Radioactivity, or radioactive decay, is a form of energy that’s released by the decay of the nucleus of an unstable atom. We are exposed to lots of forms of radiation in our daily lives – the light from the sun, for example, is a form of radiation. When we talk about radioactivity, however, we tend to think about things like X-rays, atomic bombs, and nuclear energy. Each of these examples does involve radioactive elements, but so do certain types of rocks naturally found in the soil.

When scientists talk about radioactive decay, they usually focus on alpha, beta, and gamma radiation, although there are additional types of emissions. Alpha particles are typically not considered dangerous unless they are swallowed or inhaled – in which case, they are extremely harmful. Beta radiation can penetrate living tissue and can cause spontaneous mutations in DNA. Gamma rays can cause damage at the cellular level. X-rays, which many people are familiar with, are a type of electromagnetic radiation that typically has a wavelength longer than gamma rays, although there is actually no clear consensus distinguishing these two types of radiation.


It’s actually very common to find low levels of radioactive isotopes in drinking water supplies, and it’s typically nothing to be concerned about. There have been cases, however, in which the level of radioactivity in water has been found to be higher than expected. Certain rock types naturally contain radioactive elements referred to as NORM (Naturally Occurring Radioactive Materials). When a source of drinking water comes in contact with NORM-bearing rocks, radionuclides may accumulate in the water to levels of concern. The predominant radionuclides found in water include radium (and its decay products), thorium (and its decay products), and uranium (and its decay products).

There is no way to know if your water contains any radionuclides without testing it. Municipal water supplies are regularly tested for these radioactive substances, but if you have a private well, you should be testing the water regularly for a range of possible contaminants.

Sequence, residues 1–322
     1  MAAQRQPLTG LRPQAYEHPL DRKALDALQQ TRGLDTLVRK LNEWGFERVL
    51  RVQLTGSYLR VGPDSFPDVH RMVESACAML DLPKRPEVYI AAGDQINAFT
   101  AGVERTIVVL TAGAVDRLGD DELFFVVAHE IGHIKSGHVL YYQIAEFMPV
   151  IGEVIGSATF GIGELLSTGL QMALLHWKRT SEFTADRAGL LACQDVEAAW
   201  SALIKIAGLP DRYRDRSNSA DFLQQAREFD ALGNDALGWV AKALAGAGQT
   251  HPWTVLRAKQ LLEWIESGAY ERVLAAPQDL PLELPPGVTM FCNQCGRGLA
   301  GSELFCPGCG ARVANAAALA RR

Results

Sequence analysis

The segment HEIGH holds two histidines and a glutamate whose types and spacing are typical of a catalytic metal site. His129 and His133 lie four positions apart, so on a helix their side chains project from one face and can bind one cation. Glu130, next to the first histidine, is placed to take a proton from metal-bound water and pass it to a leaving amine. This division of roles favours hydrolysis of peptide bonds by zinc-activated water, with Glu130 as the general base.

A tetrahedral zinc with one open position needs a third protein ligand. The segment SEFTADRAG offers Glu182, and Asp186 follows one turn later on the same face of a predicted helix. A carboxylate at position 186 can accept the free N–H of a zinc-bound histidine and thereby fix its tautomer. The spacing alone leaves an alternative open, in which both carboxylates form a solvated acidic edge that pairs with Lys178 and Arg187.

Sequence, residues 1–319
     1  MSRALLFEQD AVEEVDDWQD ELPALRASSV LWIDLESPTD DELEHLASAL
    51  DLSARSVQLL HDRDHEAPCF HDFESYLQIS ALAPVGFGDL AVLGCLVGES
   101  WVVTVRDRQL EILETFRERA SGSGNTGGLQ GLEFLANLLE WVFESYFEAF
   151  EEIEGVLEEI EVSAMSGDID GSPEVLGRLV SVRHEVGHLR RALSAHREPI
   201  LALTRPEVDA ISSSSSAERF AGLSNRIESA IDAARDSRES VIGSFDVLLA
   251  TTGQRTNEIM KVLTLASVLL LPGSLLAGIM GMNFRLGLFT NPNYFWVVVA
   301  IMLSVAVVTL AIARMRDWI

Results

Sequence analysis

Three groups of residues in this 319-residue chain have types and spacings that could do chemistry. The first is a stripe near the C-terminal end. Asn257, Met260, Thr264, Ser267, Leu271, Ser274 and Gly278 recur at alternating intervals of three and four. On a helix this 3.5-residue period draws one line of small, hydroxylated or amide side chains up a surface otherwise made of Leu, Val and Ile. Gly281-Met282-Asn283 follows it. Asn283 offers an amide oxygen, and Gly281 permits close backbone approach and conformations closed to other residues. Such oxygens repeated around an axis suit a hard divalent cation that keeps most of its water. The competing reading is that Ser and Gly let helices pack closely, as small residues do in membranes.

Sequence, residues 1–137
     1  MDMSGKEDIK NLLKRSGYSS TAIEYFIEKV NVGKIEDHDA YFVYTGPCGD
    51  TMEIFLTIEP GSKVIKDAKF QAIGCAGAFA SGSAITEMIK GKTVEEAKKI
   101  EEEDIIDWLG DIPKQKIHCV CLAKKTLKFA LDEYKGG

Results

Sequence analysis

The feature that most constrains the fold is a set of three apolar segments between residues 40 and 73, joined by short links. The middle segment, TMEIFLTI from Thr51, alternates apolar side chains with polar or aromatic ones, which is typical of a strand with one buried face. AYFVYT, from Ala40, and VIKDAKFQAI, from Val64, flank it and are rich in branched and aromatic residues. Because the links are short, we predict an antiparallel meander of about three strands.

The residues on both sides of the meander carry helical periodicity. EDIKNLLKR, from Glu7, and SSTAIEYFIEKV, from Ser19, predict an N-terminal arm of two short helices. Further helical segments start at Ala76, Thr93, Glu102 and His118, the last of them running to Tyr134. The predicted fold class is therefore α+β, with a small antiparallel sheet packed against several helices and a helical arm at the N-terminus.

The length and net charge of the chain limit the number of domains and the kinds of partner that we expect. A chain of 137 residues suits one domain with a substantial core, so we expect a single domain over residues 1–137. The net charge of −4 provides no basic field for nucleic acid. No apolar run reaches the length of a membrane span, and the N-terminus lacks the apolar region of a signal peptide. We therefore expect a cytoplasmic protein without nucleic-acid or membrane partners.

The U.S. Environmental Protection Agency (EPA) set legal limits called “maximum contaminant levels” or MCLs for many different possible water contaminants, including radionuclides. For alpha particles, the MCL is 15 picocuries per Liter (pCi/L); for beta particles, it’s 4 millirems per year. The EPA also sets limits for radium 226 and radium 228 – two isotopes of radium, a highly radioactive element – at 5 pCi/L, and uranium – which is used in nuclear power plants and nuclear weapons, among other things – at 30 micrograms per liter (ug/L).

It’s important to note that, despite these legal limits, the maximum contaminant level goal (MCLG) – the level below which there is no known health risk – is actually zero for all radionuclides. In other words, there is no known level at which the amount of these radioactive substances in water is considered safe.

Cancer is considered by most people to be the main health effect from radiation exposure. When exposed to ionizing radiation, cells can be seriously damaged at the cellular or molecular level. This may cause mutations in the DNA or cause the uncontrolled growth of cells, which is the definition of cancer. The body can sometimes repair mutations in the DNA, but not always – and additional problems can sometimes develop as the body tries to fix itself.


If you are concerned about the levels of radioactivity in your water, then you will need to put a treatment plan into place. Unfortunately, there is no simple answer for removing radiation from the water. In many cases, a combination of treatment methods, including carbon filtration, ion-exchange water softening, and reverse osmosis, is most effective. Call the Certified Water Specialists at US Water Systems at 1-800-608-8792 for assistance. High levels of radiation in water may not be treatable.

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